where B was a "disk" structuring element of radius 3 [12]. The area S covered by these clusters was estimated in the same way as in the case of cortical granules (3). All calculations were made with software elaborated using the MATLAB[R] Image processing toolbox.

Registration of heart beats: The photo detector (LDR 2-20K [empty set]mm) was mounted in the ocular eyepiece of the microscope and together with a DC power source connected to the ADC of the computer's sound card. The microscope aperture was used to hide all the light passing through the embryo except at the location of the beating heart. Illumination changes due to heart movement were converted to an electrical signal containing peaks at the time of heart contraction. The complicated shape of the peaks meant that the amplitude detector could only be used for the preliminary detection of the heart beats. Final adjustment of heart beat moments was performed by maximizing the correlation between the preliminary detected ordinal????? signal peak and the model with a permanently updated shape. The heart beat moments were used to form, so called in cardiology, R-R interval sequences of the heart beats of the embryo. Evaluation of the average heart rate in developing fish embryos is a well known and popular method [13]. However, detailed analysis of heart rate variability could reveal functions of autonomous heart control that should appear together with the developing nerve system. Spectral analysis of fetal heart rate variability is known and used in clinical practice [14]. So we decided to perform spectral analysis of the R-R interval sequences detected from the developing embryos.

Results

Typical pictures of the oocyte before and after activation following electrical stimulation are shown on Fig. 2. One can see the whole area of the oocyte covered by small round objects - cortical granules on the upper left image which was taken before activation. Almost no such objects remain on the bottom left image, which was taken 15 seconds after the start of the activating electrical stimulus. Pictures on the right of Fig. 2 illustrate the results of the image processing procedure. Black and white format images are obtained from the images shown on the left. Only some oil droplets, bigger than the round cortical granules on the initial images were misrecognized as cortical granules, but this does not crucially influence the final result. The calculated area covered by cortical granules before activation was in the range of 30%-40% of the total area of the oocyte and decreased to 20%-25% at the end of the reaction. Dynamics of the reaction were different and steady state values after activation were reached in times varying from 15 to 45 sec. The aim of this study was to show that cortical granules could be recognized by this method and the area covered by them could be evaluated. Therefore, we tested the method on as many different oocytes as possible. But in this study we do not provide any comparison of the image processing results in regard to the conditions of oocyte preparation etc. A variety of normalized time courses of area covered by cortical granules following activation of oocytes by electrical stimuli is presented in Fig. 1. Expert control confirmed that recognition of cortical granules in all presented cases was of sufficient quality.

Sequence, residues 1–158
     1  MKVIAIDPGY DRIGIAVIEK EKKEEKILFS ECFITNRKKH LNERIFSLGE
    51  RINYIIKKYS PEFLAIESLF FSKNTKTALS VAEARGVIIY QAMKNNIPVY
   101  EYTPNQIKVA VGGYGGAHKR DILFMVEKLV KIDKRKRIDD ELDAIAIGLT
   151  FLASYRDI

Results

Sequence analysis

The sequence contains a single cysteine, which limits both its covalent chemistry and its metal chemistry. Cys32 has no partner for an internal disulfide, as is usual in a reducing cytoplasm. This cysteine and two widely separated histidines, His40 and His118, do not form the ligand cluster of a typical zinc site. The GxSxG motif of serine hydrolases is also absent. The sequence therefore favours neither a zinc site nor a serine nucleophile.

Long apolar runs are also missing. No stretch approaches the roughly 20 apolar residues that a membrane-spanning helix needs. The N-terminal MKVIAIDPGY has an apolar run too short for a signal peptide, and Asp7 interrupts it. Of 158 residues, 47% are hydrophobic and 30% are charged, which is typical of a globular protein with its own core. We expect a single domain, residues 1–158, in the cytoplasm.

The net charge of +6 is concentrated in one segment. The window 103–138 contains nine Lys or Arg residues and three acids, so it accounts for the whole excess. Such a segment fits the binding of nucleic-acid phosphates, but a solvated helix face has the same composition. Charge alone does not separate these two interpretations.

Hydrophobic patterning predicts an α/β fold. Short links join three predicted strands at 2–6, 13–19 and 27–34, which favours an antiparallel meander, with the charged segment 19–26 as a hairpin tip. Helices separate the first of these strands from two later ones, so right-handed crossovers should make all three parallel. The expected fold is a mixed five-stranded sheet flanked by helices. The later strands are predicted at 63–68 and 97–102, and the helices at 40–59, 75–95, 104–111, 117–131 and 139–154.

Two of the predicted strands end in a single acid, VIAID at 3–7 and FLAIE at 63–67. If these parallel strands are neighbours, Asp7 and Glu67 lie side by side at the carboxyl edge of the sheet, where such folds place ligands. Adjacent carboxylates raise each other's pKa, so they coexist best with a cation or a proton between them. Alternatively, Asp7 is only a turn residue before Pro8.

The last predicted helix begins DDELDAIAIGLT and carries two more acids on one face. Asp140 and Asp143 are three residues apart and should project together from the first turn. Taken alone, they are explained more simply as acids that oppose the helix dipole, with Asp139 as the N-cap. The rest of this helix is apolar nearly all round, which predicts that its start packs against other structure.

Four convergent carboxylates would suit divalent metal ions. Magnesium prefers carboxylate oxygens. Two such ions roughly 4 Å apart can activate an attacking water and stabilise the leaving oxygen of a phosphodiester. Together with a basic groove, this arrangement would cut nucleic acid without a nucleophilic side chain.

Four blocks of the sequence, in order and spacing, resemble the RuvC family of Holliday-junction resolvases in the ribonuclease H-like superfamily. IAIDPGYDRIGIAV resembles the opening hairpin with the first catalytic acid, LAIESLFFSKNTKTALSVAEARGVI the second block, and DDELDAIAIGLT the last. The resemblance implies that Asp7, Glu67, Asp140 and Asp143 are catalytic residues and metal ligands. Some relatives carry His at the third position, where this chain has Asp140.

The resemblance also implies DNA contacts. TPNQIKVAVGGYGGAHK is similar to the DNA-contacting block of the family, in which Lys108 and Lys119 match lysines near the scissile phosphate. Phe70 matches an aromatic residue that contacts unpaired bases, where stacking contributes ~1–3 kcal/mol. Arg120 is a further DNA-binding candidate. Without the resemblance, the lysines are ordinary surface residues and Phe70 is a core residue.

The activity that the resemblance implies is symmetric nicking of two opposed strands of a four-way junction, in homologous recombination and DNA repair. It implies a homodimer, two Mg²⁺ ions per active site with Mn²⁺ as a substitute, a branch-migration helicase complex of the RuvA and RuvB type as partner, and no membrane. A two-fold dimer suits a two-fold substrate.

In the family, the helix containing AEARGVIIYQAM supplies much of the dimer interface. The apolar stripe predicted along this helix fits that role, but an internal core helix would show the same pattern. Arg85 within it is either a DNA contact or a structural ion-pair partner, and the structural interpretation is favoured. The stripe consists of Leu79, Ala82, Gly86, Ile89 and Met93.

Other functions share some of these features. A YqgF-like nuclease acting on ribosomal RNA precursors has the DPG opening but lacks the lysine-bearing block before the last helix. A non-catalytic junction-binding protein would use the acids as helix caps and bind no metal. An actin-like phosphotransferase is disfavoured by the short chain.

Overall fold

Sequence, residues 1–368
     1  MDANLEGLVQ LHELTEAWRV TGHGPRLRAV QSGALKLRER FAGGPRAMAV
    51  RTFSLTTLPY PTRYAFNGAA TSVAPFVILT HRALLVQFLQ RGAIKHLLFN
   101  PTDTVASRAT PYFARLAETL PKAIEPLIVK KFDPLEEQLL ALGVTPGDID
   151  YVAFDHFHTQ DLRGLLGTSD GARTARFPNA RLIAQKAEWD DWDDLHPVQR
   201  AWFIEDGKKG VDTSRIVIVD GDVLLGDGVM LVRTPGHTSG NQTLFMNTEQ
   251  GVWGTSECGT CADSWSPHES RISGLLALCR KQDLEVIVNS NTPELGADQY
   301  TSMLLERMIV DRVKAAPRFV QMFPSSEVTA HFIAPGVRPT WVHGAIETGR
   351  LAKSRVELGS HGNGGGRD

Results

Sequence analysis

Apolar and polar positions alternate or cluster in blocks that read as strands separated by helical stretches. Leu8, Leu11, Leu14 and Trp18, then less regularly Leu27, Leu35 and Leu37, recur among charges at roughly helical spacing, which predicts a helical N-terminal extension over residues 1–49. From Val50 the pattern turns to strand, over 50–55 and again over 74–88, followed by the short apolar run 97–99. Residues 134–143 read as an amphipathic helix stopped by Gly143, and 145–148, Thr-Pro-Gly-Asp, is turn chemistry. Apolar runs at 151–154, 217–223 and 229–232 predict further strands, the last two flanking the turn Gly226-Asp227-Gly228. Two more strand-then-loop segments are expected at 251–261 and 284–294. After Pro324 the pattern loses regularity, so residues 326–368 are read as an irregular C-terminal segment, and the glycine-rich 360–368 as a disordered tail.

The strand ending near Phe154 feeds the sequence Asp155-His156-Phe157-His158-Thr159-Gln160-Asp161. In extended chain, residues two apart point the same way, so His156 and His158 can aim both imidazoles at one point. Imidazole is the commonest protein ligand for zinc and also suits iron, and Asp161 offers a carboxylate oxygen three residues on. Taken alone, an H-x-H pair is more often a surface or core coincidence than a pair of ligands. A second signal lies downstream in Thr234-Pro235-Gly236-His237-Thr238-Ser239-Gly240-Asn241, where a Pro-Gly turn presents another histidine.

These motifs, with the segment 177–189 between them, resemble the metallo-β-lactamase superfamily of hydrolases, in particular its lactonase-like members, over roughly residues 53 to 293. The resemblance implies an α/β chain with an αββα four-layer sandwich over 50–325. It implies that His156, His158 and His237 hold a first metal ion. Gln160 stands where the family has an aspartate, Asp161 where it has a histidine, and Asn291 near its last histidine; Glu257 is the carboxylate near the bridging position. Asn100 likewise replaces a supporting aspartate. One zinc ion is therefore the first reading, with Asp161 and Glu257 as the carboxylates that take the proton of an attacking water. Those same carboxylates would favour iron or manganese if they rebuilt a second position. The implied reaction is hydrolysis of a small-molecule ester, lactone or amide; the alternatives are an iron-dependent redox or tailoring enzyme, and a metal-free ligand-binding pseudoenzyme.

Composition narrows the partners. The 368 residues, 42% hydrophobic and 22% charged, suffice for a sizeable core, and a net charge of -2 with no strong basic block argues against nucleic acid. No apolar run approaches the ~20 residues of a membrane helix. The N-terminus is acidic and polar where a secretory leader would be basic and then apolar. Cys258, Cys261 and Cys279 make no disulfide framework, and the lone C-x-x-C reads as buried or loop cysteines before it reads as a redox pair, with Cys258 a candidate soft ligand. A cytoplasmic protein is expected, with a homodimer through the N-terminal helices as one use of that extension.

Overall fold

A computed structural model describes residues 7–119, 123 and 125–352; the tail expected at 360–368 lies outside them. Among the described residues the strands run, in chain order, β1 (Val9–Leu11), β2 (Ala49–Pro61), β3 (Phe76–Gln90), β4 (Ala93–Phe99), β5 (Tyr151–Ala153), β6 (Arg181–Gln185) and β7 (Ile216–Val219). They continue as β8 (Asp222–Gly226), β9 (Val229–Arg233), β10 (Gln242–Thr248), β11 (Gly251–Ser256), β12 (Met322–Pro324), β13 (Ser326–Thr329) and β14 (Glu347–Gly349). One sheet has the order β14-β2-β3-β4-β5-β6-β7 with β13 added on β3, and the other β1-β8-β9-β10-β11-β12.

[FIGURE 1 OMITTED]

Typical pictures of medaka embryos on the 2nd and 8th day after fertilization are shown on the left of Fig. 3, upper and bottom images respectively. The image processing result--black and white images with recognized blood vessels marked in white on black background are presented on the right of Fig. 3. The accuracy of marking of the blood vessels was considered satisfactory. The area covered by blood vessels increased in average about 4 fold by the 8th day when compared to the 2nd day after fertilization.

The average heart rate increased during development of the embryo in all registered cases. Time intervals between consecutive heartbeats (R-R intervals) registered in embryos on the 2nd and 8th day after fertilization are shown in Fig. 4. Besides the increase in the heart rate the variability also increases. The power spectrum of the R-R interval sequences is presented in Fig. 5. Some peaks appearing at about 0.6 Hz frequency range on later days of development were present in all registered cases.

Discussion

The recognition of cortical granules of the artificially activated oocyte with sufficiant reliability is a promising result opening a perspective for non-invasive investigations of the quality of oocytes not only in toxicological or environmental investigations, but also in clinical investigations. The limitations of this method are that the area we observe in our pictures is a projection of just part of the sphere concerning both the oocyte and the cortical granules. In fact the observed process reflects exocytosis--release of substances into the perichorionic space of the oocyte--and should be evaluated in terms of volume. Estimation of the total volume of the oocyte would not be a big problem, however, for the estimation of the total amount of substance released from cortical granules we could calculate this only by knowing what part of the total amount the visible granules represent. This would require additional investigations.